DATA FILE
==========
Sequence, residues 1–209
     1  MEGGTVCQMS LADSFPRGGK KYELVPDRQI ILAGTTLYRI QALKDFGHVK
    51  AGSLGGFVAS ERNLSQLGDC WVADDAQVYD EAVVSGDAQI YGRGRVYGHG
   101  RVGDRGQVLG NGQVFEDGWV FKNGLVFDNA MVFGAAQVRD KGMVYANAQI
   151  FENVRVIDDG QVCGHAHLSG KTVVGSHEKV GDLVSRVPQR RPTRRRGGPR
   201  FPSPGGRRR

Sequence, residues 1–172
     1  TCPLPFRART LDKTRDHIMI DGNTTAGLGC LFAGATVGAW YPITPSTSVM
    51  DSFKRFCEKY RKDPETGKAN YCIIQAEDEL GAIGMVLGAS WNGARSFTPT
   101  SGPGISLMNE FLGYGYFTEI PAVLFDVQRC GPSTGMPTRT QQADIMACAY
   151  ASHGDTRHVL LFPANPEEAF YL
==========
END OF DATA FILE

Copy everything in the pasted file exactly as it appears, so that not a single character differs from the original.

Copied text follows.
Sequence, residues 1–209
     1  MEGGTVCQMS LADSFPRGGK KYELVPDRQI ILAGTTLYRI QALKDFGHVK
    51  AGSLGGFVAS ERNLSQLGDC WVADDAQVYD EAVVSGDAQI YGRGRVYGHG
   101  RVGDRGQVLG NGQVFEDGWV FKNGLVFDNA MVFGAAQVRD KGMVYANAQI
   151  FENVRVIDDG QVCGHAHLSG KTVVGSHEKV GDLVSRVPQR RPTRRRGGPR
   201  FPSPGGRRR

Sequence, residues 1–172
     1  TCPLPFRART LDKTRDHIMI DGNTTAGLGC LFAGATVGAW YPITPSTSVM
    51  DSFKRFCEKY RKDPETGKAN YCIIQAEDEL GAIGMVLGAS WNGARSFTPT
   101  SGPGISLMNE FLGYGYFTEI PAVLFDVQRC GPSTGMPTRT QQADIMACAY
   151  ASHGDTRHVL LFPANPEEAF YL